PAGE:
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APASL, EASL criteria identify patients at highest risk for liver disease-related mortality

Roshini Claire Anthony
15 Nov 2017

Patients with acute-on-chronic liver failure (ACLF) who fulfil both APASL* and EASL** criteria have an elevated risk of liver disease-related mortality, according to a retrospective single-centre study conducted in Singapore. The findings also revealed the factors associated with a poorer prognosis.

Researchers analysed data of 458 patients admitted at National University Hospital, Singapore, between January 2004 and July 2014, 147 of whom had acute decompensation of chronic liver disease, and screened them for ACLF based on the APASL and EASL criteria. Of these, 78 patients (mean age 58 years, 75.6 percent male, 69.2 percent Chinese) were diagnosed with ACLF; 80.8, 82.1, and 62.8 percent met the APASL, EASL, and both criteria, respectively. Patients were followed up for a minimum of 3 months.

The most common causes of acute liver injury were bacterial infection (59 percent), hepatitis B flare (29.5 percent), and variceal bleeding (24.4 percent). Bacterial infection was the more likely trigger of ACLF in patients who met the EASL criteria compared with the other two causes (p=0.002), while hepatitis B flare was the more likely trigger among patients who met the APASL criteria (p=0.001).

The most common causes of chronic liver disease were hepatitis B (43.6 percent), alcoholic liver disease (20.5 percent), and cryptogenic liver disease (11.5 percent). Patients with ACLF who met the APASL criteria were more likely to have hepatitis B than those who fulfilled the EASL criteria. 

Mortality rate at admission and at 3 months were 57.7 and 61.5 percent, respectively, with ACLF patients who met both EASL and APASL criteria having a higher mortality risk at admission (67.3 percent; p=0.033) and at 3 months (71.4 percent; p=0.041). [World J Hepatol 2017;9:1133-1140]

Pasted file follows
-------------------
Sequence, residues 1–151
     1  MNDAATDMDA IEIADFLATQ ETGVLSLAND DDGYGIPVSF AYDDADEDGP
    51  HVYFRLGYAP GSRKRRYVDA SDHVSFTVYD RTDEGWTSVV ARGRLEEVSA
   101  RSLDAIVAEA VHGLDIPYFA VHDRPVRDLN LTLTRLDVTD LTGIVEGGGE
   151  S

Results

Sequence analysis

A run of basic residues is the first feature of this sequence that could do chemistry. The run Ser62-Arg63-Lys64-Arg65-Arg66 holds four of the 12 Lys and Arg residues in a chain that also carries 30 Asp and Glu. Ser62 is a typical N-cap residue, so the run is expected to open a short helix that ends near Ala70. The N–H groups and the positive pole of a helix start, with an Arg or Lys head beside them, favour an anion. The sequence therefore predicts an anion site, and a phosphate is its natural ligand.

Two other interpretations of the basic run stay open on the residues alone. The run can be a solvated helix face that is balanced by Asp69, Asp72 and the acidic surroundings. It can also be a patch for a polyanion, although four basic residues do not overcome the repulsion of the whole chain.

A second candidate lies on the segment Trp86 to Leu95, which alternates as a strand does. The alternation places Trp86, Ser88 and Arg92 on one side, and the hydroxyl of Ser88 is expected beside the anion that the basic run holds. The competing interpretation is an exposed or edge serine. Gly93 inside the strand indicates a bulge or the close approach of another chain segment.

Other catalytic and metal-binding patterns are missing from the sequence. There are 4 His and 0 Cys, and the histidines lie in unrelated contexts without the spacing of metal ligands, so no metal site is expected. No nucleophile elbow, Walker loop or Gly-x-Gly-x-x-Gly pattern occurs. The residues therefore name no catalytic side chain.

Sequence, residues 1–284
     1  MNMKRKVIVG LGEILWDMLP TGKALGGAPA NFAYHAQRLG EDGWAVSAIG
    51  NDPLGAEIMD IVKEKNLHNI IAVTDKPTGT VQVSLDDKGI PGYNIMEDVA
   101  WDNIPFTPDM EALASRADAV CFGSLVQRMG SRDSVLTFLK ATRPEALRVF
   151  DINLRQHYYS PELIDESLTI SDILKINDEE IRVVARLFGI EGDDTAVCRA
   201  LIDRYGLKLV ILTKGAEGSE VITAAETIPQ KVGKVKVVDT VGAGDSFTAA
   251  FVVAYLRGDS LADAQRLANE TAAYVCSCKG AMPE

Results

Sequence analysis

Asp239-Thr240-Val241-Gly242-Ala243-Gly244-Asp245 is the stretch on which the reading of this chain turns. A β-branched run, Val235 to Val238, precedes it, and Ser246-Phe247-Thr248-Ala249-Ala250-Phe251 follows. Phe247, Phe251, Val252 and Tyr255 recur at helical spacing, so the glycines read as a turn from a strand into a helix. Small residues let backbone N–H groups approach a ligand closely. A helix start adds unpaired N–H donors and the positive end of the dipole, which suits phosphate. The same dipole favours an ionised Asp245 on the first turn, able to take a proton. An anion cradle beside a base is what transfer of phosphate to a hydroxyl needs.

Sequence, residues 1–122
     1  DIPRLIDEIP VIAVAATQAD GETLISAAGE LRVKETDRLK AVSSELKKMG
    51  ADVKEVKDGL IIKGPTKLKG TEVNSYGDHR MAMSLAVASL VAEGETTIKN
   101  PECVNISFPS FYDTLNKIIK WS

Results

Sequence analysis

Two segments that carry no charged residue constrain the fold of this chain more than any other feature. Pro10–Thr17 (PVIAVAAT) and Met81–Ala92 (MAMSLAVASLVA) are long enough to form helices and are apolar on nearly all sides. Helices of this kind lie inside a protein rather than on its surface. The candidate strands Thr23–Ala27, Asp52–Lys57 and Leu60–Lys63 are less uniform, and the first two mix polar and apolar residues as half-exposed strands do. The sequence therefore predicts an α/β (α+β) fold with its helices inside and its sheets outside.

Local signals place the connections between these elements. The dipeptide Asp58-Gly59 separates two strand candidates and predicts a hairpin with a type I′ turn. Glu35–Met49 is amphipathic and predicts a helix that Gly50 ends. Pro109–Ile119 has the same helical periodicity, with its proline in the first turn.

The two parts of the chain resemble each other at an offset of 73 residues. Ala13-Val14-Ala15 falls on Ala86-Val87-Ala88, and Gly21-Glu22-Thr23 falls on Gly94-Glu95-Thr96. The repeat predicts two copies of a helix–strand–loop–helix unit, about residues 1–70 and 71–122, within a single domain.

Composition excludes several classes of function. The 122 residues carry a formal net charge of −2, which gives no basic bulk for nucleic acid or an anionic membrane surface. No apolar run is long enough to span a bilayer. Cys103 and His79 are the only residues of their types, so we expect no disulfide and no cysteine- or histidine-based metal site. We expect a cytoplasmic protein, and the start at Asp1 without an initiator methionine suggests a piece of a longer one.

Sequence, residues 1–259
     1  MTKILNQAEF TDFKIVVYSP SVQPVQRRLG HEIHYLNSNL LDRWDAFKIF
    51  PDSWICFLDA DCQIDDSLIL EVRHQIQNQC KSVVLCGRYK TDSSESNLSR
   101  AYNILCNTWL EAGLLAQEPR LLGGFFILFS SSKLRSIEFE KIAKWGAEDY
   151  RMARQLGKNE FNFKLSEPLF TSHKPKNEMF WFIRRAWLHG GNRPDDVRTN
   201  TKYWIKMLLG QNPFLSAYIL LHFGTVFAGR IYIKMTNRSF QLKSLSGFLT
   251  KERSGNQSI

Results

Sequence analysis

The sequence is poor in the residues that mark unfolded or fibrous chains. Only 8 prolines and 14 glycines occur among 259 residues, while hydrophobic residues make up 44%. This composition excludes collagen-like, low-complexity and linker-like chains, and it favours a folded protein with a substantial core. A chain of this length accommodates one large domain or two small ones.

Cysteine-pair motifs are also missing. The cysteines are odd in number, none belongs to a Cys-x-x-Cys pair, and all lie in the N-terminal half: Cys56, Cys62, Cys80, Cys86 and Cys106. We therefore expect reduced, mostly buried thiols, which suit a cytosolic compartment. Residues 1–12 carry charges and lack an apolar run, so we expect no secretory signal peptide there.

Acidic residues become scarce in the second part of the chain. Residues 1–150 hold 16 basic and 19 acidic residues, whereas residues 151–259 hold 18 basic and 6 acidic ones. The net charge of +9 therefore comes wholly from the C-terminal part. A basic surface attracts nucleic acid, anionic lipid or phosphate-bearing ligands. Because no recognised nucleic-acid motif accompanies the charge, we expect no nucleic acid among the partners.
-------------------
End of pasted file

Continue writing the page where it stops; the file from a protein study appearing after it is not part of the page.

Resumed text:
A higher ACLF grade was associated with a higher mortality rate. Patients who only met the APASL criteria (without organ failure and ACLF grade 0) had a 0 percent mortality rate.

Factors increasing the risk for fatal outcome included older age (mean age, 60 vs 55 years; p=0.044), as well as renal (68.9 percent vs 30.3 percent; p=0.001), circulatory (63.6 percent vs 21.2 percent; p<0.0001), cerebral (37.8 percent vs 12.1 percent; p=0.012), and respiratory failure (17.8 percent vs 3 percent; p=0.044). Elevated serum creatinine, INR, and baseline amylase levels were stronger predictors of poor prognosis compared with other tests (p<0.0001, p=0.018, and p=0.026, respectively).

“CLIF-SOFA*** organ failure score, complemented by laboratory parameters … appear to be promising tools in determining the prognosis of patients with ACLF,” said the researchers.

“Early diagnosis of ACLF and identification of indicators predictive of poor outcome … will help to distinguish between patients with ACLF that would require transplantation from those that will survive with only organ support and intensive medical care and thus optimize treatment and survival,” they said.

Despite describing the same disease, the EASL and APASL criteria have some notable differences.

“APASL focuses more on signs of ascites and encephalopathy within a [4-week period] with chronic liver disease [while] EASL underlines the occurrence of organ failure in patients with cirrhosis resulting in 3-month mortality,” said the researchers, who highlighted that the two criteria are also based on diverse populations.

“In Singapore, with endemic chronic hepatitis B as the dominant chronic liver disease, coupled with a Westernized lifestyle and standard of living, understanding the mixed profiling of local ACLF patients and the prognostic factors will be important in better prevention and management of such high-risk patients,” they added.

 

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